His peers indicated that David had a major impact on the study of value because he pushed the understanding of the importance of the profile and how it could be utilized in a multitude of human situations and used successfully; for instance, in resolving conflicts or developing a way of explaining why one outcome would be more appropriate than another.    

Clearly, David made the study of value a lifelong journey, always pushing and exploring various uses of the profile, creating targeted axiological assessments and statements, and continually advancing his research into the practical applications of the profile in life and in business.

David’s Relevance To The Institute Today

Dr. Hartman developed the calculus of value, enabling one to take any real-world situation, analyze it with the axiological concept, and then decide on which procedure and decision to make. Clearly, his peers believe that every major piece of material that David has written in collections – every piece he and Vera have written deserves to be read closely alongside Dr. Hartman’s work. His peers believe strongly that David and Vera were true ambassadors of Dr. Hartman’s work.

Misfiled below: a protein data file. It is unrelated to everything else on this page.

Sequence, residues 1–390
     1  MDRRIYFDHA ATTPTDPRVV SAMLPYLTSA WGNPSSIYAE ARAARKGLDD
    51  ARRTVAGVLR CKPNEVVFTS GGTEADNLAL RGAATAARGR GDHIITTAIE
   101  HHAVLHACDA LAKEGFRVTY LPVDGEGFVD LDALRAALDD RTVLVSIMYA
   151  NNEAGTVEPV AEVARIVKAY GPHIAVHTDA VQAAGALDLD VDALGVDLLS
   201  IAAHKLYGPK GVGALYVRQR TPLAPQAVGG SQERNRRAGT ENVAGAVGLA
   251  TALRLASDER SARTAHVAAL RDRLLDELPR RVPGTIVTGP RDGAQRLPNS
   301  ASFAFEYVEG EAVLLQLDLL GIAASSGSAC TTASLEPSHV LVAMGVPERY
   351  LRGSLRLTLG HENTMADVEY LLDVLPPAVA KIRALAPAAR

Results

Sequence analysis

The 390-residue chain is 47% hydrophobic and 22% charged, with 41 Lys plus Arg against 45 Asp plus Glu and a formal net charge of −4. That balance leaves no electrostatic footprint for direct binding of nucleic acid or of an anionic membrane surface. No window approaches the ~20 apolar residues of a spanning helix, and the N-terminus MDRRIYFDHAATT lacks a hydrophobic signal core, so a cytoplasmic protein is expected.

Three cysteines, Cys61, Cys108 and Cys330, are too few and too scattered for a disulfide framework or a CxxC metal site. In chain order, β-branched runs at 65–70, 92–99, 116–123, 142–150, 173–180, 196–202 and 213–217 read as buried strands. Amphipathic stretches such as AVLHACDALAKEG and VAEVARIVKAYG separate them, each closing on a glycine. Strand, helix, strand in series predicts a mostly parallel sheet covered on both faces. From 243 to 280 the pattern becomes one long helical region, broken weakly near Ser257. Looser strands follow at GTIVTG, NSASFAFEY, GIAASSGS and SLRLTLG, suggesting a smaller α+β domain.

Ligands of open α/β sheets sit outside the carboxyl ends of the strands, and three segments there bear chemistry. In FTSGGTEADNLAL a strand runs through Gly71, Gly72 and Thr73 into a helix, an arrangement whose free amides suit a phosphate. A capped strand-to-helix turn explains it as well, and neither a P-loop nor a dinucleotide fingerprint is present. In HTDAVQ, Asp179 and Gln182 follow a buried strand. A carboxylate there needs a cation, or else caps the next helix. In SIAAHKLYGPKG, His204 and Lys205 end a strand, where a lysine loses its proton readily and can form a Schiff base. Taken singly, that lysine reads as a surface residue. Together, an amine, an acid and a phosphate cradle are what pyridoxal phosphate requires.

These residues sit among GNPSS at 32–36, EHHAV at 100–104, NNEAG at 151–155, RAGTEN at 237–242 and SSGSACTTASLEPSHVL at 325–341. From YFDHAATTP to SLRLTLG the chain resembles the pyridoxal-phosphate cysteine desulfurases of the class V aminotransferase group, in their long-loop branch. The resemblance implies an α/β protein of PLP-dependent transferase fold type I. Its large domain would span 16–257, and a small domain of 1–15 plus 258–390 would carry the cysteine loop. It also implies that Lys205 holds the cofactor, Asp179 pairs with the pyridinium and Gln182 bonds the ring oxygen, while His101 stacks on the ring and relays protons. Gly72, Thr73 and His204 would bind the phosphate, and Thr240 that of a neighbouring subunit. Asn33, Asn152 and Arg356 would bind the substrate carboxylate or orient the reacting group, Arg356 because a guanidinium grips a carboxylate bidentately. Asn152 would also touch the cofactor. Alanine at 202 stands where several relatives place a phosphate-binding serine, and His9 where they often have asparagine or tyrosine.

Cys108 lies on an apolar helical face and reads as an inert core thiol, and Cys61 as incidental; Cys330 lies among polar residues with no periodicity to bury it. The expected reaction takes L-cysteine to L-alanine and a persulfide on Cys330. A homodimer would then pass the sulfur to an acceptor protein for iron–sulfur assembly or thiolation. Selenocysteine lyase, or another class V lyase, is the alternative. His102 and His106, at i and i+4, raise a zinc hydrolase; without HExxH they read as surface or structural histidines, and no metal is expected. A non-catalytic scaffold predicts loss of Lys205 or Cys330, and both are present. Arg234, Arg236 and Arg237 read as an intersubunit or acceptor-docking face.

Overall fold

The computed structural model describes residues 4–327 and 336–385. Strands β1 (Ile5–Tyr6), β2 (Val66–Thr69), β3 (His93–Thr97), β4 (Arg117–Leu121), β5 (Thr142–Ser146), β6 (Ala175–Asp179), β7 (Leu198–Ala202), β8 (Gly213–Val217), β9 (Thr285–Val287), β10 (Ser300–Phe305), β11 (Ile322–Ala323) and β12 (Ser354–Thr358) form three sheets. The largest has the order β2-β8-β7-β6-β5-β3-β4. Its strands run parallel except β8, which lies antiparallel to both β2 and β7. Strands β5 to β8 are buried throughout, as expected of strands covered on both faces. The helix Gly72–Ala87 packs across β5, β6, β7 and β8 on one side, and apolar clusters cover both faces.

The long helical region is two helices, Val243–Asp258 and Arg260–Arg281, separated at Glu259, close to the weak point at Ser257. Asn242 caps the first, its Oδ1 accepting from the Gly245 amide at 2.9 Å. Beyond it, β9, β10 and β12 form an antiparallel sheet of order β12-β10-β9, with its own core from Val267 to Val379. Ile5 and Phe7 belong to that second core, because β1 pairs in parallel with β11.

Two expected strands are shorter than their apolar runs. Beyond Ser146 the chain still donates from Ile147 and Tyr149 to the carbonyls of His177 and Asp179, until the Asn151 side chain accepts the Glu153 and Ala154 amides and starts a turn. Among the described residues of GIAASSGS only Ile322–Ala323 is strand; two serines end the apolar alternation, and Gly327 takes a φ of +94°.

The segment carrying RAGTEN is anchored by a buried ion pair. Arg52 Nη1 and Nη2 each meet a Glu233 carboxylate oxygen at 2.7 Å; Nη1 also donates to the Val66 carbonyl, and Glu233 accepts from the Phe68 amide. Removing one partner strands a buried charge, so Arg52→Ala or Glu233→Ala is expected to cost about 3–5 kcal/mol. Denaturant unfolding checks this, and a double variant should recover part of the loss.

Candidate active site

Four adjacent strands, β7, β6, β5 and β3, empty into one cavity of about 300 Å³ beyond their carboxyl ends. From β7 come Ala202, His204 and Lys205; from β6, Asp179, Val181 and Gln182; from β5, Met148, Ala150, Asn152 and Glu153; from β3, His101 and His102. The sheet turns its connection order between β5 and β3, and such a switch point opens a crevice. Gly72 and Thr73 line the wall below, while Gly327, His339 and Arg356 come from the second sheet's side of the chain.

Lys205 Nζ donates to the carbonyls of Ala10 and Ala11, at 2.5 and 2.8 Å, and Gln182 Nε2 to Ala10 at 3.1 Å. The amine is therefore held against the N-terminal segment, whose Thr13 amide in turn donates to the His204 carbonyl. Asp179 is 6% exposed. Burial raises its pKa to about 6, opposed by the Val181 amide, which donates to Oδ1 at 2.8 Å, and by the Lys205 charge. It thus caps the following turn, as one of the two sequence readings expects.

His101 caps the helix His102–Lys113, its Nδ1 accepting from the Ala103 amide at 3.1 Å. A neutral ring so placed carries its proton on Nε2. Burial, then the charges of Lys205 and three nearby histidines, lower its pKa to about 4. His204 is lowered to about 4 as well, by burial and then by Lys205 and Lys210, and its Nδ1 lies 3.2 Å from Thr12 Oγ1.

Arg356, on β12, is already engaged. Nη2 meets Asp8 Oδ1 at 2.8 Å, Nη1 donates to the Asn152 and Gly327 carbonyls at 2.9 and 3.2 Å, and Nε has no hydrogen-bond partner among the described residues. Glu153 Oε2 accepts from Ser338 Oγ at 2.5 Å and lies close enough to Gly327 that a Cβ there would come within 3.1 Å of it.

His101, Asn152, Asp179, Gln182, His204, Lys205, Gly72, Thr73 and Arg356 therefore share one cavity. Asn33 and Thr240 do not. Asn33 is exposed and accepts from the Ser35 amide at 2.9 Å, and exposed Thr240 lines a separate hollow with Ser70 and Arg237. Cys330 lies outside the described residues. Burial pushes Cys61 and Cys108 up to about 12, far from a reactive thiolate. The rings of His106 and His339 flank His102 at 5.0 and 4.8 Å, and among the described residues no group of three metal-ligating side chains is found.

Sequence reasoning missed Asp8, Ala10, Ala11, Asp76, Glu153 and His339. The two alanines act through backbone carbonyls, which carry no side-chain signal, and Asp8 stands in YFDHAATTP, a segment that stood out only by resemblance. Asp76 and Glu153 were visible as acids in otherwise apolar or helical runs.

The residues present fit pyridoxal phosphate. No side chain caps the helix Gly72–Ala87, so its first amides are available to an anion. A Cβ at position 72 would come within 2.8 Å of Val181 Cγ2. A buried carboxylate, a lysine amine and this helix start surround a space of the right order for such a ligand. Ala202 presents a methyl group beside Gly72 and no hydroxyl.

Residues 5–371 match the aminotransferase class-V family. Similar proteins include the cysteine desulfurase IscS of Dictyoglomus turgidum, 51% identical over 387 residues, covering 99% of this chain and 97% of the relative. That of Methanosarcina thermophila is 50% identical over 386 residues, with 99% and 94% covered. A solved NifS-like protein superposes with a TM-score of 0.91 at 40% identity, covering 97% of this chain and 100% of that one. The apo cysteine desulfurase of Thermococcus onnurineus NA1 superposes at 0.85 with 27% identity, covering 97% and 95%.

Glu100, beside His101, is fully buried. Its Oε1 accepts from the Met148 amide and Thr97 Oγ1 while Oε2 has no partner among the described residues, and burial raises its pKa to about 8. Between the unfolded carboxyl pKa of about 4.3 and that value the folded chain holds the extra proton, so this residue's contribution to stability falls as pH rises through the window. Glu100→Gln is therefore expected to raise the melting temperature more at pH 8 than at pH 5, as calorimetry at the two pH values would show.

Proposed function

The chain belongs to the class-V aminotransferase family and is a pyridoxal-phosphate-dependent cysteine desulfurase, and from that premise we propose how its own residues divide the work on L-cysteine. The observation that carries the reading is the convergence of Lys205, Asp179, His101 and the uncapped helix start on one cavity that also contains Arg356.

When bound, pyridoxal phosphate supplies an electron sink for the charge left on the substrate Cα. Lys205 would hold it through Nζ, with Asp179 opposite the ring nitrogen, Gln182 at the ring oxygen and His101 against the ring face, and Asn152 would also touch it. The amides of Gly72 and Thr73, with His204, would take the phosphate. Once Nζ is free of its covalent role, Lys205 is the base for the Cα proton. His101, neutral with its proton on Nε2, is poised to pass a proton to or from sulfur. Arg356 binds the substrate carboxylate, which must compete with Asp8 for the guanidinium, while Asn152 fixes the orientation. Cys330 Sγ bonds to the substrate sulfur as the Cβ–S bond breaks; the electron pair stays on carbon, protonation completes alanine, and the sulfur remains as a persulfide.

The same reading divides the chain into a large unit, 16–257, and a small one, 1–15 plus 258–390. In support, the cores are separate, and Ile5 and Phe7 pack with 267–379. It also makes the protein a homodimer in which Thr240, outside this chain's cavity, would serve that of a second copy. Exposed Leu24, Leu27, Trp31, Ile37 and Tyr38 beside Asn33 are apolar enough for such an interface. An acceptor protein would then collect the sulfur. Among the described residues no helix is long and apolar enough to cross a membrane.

As noted above, Vera wrote a Memorial Tribute to David in the Journal of Axiology, Volume 7, 2014.  In this Tribute, she chronicles in detail the numerous advancements that David and she developed in their 40-year study and advancement of axiology.  I strongly recommend members access this Memorial Tribute to obtain a more advanced appreciation of the depth and breadth of his research and practical applications. 

It is fitting to quote Vera from this Memorial Tribute in order to appreciate the genius called David Mefford:

“David was a pioneer in the true sense of the word, a creative genius who witnessed and helped a new science emerge by fully developing a universal model and methodology for a scientific frame of reference for practical applications of Axiology.” 

[1] Interviewed for this article are Dr. Mark Moore, Dr. Steve Byrum, Vera Mefford, and Wayne Carpenter.

[2] Phenomenology of Man as a Valuing Subject.